Social Justice - It is the Attitude that Needs to Change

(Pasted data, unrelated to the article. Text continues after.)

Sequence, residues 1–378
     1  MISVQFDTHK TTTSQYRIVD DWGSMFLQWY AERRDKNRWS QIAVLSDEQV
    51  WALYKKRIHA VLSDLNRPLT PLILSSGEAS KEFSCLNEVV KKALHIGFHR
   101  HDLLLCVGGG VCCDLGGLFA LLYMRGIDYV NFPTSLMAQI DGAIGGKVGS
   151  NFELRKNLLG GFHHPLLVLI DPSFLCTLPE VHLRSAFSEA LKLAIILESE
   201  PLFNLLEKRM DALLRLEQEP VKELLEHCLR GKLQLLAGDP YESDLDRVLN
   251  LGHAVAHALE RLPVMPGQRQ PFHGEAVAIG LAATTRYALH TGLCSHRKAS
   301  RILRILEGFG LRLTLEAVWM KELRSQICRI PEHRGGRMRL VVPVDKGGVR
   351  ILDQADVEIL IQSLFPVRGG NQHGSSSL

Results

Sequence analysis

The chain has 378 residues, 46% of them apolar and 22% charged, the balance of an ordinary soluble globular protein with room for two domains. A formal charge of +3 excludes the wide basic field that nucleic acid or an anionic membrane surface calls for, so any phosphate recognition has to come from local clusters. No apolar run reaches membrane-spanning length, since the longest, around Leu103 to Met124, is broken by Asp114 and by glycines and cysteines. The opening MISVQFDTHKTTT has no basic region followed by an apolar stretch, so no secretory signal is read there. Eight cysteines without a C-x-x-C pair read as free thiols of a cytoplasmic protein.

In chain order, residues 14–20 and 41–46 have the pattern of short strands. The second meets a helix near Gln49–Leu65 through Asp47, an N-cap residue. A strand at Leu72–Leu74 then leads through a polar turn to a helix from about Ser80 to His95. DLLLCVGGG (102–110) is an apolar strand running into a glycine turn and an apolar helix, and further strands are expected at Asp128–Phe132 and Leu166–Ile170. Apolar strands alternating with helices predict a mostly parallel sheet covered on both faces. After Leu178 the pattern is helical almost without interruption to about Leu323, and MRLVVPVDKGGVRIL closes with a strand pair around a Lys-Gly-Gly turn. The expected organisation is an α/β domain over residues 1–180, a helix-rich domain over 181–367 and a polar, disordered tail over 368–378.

Man in Wheelchair